One thing I have noticed in my recent travels around Ireland and the UK in the last two months is how fiercely proud Irish people are of their local history, character, and traditions. Take drinking, for example. In England, you can order Earl Grey or English Breakfast tea. When a friend from Oxford ordered Earl Grey on a recent visit to Cork, they gave her a funny look and said they didn’t have any…she asked what they did have and the reply was “Barry’s”. Barry’s is the brand of Irish breakfast tea (in the red box) that we drink in Cork, not to be confused with Lyons tea (in the green box), which they drink in the North and West. People maintain strong allegiances with Barry’s or Lyons, because your choice is an obvious symbol of your identity and community loyalty. No one seems concerned with the fact that the two teas taste the same. Like, exactly the same — especially when you add milk and a chocolate biscuit. It seems sometimes its the principle that matters, not the practicality of the situation.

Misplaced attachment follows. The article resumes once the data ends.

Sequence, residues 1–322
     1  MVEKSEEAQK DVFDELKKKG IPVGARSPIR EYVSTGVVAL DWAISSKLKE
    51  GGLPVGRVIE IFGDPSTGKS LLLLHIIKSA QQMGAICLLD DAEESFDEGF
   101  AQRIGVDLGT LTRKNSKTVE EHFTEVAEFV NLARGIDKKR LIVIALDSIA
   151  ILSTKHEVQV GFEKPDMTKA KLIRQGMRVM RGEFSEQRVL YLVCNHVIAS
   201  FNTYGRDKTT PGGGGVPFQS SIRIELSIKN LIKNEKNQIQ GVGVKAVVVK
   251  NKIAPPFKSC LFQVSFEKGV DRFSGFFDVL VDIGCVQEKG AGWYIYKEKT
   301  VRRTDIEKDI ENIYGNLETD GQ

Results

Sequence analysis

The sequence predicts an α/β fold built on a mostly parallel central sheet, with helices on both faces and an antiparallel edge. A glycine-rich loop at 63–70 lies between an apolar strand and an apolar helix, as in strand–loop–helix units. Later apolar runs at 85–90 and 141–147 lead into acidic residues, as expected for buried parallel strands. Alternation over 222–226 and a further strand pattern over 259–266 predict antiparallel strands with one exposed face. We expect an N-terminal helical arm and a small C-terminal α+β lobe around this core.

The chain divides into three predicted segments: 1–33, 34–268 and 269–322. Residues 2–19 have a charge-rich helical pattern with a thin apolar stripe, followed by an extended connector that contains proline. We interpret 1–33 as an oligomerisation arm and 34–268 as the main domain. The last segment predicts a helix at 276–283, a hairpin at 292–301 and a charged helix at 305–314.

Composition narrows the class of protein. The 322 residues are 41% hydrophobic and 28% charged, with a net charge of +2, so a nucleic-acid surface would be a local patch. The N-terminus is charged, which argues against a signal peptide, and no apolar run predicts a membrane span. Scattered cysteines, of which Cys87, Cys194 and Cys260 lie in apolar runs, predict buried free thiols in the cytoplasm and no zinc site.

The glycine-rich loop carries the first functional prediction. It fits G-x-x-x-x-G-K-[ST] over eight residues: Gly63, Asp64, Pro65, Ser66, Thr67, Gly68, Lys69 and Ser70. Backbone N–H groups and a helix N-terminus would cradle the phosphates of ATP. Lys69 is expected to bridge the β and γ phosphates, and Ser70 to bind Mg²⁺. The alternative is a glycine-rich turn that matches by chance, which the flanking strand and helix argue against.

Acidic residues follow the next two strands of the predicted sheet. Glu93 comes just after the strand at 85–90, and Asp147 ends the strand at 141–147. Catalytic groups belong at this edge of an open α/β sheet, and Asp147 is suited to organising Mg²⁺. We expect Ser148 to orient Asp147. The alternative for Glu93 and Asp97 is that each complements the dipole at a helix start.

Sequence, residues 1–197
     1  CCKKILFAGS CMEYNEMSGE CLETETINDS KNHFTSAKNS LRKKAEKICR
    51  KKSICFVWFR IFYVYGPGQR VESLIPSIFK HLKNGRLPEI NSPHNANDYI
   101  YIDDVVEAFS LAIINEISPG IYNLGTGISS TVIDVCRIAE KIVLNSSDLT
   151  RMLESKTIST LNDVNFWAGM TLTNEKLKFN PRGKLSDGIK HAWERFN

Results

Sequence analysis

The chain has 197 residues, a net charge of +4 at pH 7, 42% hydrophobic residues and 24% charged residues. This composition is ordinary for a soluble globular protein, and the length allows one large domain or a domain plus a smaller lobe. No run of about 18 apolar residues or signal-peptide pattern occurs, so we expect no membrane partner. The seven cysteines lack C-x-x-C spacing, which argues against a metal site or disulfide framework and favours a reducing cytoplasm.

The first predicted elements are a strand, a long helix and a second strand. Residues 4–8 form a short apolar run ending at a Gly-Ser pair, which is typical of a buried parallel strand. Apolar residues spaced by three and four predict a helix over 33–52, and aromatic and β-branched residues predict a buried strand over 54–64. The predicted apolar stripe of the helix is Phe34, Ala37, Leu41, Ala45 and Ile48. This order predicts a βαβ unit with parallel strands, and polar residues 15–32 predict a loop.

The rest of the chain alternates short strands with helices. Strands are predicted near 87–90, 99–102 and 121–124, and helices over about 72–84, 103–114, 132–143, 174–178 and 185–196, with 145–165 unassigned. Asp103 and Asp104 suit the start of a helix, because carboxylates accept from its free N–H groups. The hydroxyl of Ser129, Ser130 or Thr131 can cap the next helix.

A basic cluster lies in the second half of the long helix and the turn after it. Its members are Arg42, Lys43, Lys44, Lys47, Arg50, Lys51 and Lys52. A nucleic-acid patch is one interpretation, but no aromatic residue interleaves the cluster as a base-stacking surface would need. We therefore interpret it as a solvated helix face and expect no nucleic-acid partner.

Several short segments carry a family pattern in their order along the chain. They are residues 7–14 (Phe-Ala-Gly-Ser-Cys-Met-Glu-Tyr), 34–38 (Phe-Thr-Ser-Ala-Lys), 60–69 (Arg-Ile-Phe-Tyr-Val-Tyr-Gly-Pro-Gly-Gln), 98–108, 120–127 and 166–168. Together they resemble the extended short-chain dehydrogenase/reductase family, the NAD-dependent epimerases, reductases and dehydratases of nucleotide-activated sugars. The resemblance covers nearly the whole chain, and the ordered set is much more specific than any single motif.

This localism is true for beverage choices at the pub as well: Bushmills whiskey is distilled in the North, while Jameson is distilled in County Cork. If you are drinking cider, will you have Bulmers (as it is called in the Republic), or Magners (as it is called in the UK)? Again, they are exactly the same drink, but people seem to identify with, and defend, one over the other. In perhaps the most important example of Irish beverage-localism, you should really only drink Guinness in Dublin, because Guinness – any Irish(wo)man will tell you – doesn’t travel well. Ireland may market and export Guinness all over the world, but really, one should only drink it in Dublin. A contradiction, perhaps, but endearing and principled all the same.
Irish localism extends far beyond drinking of course – you see it reflected in the country’s political culture, their local historical and sports celebrities, and in the range of accents from across the four provinces, and more subtle dialects and accent variations within each county. With a sentence, you may well be able to identify what part of the country someone is from, make reference to their local political scandal or recent GAA win, and know if they are a Barry’s or Lyon’s drinker. While the smallness can sometimes be stifling for those of us who are used to the anonymity of a country like the United States, I think there is something each of us can learn from Ireland’s localism and community pride.